A comparison between normalized cross-equator profiles of the deep jet zonal velocity squared from the Argo float data (derived from Fig. 5), the ship sections (derived from the zonal velocity projections plotted in Fig. 6), and the zonal velocity squared from the model for values of A = 10, 100, 300, and 600 m2 s−1 (see text for details).

Fig. 7.

A comparison between normalized cross-equator profiles of the deep jet zonal velocity squared from the Argo float data (derived from Fig. 5), the ship sections (derived from the zonal velocity projections plotted in Fig. 6), and the zonal velocity squared from the model for values of A = 10, 100, 300, and 600 m2 s−1 (see text for details).

c. Possible influence of the background, quasi-steady flow

Figure 8a shows the mean zonal flow along 23°W, where the mean here refers to the average over all the cruises listed in Table 1 (Fig. 8a is an update of the corresponding panel shown in Fig. 2 of Brandt et al. (2010), including here the deep flow down to the bottom). Particularly striking are the eastward jets near 2°N and 2°S. These jets extend all the way to the bottom, have much larger vertical structure than the few hundred meters associated with the EDJ, and are the topic of the papers by Fruman et al. (2009) and Ascani et al. (2010) who attribute their existence to the destabilisation (Fruman et al. 2009) or breaking (Ascani et al. 2010) of Yanai waves generated in Ascani et al. (2010) by the instability of the surface equatorial current system (see also Ménesguen et al. 2009a). The question arises as to whether these flanking jets can influence the EDJ?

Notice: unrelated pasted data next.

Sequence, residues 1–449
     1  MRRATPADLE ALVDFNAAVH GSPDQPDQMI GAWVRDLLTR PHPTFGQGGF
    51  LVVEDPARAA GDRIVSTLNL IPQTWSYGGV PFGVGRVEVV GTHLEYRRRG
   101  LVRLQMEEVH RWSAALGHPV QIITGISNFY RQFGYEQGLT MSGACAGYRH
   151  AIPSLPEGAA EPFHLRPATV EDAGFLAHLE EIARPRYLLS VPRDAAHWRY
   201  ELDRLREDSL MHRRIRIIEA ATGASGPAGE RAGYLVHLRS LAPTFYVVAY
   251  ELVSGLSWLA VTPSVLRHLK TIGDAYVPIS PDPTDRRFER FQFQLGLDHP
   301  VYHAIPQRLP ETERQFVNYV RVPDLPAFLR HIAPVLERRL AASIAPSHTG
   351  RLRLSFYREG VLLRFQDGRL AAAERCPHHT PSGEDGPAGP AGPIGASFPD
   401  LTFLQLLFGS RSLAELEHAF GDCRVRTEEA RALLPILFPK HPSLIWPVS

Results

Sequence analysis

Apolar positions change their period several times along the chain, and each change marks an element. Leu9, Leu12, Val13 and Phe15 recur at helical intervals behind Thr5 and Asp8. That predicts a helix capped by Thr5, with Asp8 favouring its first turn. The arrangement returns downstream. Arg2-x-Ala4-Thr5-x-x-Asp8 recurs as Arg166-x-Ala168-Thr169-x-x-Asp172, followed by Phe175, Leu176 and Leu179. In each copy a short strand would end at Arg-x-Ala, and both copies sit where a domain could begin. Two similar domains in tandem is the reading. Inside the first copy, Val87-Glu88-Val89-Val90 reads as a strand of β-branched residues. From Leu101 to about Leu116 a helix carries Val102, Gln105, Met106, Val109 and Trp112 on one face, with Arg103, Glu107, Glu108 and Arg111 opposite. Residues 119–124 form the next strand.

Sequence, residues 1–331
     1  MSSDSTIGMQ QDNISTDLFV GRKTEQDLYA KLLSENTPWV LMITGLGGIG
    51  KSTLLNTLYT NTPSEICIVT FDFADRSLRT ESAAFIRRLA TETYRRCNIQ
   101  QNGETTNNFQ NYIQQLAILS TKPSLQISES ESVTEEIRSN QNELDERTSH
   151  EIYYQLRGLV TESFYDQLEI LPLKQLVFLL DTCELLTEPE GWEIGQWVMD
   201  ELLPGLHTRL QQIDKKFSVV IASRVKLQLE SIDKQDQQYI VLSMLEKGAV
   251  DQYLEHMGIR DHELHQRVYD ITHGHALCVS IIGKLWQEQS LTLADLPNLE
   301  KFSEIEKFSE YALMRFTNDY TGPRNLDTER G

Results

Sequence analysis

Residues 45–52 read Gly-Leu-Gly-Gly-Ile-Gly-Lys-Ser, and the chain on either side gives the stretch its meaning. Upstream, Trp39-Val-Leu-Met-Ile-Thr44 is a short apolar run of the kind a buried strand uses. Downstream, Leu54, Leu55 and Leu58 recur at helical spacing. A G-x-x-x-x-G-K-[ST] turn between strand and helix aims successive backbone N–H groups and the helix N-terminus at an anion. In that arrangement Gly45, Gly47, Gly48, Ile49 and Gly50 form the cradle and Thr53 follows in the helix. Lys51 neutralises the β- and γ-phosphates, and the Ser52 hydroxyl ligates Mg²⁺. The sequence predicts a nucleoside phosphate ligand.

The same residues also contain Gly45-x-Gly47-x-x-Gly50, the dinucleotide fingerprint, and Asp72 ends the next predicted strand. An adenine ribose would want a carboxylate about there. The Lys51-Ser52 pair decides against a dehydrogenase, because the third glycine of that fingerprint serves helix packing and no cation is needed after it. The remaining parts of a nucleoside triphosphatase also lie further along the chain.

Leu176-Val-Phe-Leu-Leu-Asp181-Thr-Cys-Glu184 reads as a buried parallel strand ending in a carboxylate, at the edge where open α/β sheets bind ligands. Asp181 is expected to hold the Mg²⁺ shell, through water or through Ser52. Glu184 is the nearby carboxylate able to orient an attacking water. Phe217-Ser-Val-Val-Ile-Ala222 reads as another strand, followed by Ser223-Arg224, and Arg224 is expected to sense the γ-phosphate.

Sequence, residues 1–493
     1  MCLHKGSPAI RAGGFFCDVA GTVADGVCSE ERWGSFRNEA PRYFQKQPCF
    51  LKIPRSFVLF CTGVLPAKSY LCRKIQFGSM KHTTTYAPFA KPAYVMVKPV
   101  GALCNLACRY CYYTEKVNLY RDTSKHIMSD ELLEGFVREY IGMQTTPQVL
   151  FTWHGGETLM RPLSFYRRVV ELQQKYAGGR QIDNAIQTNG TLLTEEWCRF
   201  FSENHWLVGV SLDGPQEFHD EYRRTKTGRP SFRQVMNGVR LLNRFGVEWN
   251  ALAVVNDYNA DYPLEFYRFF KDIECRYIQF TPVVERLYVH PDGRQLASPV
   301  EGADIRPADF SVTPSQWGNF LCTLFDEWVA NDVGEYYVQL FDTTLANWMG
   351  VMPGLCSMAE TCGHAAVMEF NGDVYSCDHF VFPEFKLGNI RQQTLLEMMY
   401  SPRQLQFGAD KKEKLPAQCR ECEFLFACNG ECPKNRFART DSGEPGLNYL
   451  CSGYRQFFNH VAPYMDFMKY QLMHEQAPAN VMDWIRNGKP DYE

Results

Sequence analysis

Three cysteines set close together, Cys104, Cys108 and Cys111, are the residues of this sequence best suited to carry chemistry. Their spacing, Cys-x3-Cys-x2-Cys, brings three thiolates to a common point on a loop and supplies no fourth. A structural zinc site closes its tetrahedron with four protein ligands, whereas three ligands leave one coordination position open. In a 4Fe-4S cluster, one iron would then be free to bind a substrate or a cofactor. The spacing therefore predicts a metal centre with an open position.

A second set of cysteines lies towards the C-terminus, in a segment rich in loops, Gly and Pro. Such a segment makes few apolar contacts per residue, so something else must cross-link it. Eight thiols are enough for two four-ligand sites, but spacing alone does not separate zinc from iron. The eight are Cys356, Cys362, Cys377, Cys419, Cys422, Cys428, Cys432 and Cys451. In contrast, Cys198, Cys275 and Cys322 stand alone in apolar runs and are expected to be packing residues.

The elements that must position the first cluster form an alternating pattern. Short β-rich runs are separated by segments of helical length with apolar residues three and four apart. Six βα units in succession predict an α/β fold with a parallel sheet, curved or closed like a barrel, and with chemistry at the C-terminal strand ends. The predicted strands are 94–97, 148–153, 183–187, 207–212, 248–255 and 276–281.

Fig. 8.

(a) The mean zonal flow through 23°W derived from the cruises listed in Table 1. Negative values, indicating westward flow, are shown using dashed contours and the contour interval is 0.05 m s−1. (b) The meridional gradient of the absolute vorticity derived from the flow field in (a). The contour interval is 0.5 × 10−11 m−1 s−1 and dashed contours indicate values below 2 × 10−11 m−1 s−1 (corresponding roughly to planetary β). In (b) a smoothing has been applied using a Gaussian filter with influence radii of 100 m in the vertical and 0.5° in latitude and cut-off radii of 200 m and 1 degree latitude.

Fig. 8.

(a) The mean zonal flow through 23°W derived from the cruises listed in Table 1. Negative values, indicating westward flow, are shown using dashed contours and the contour interval is 0.05 m s−1. (b) The meridional gradient of the absolute vorticity derived from the flow field in (a). The contour interval is 0.5 × 10−11 m−1 s−1 and dashed contours indicate values below 2 × 10−11 m−1 s−1 (corresponding roughly to planetary β). In (b) a smoothing has been applied using a Gaussian filter with influence radii of 100 m in the vertical and 0.5° in latitude and cut-off radii of 200 m and 1 degree latitude.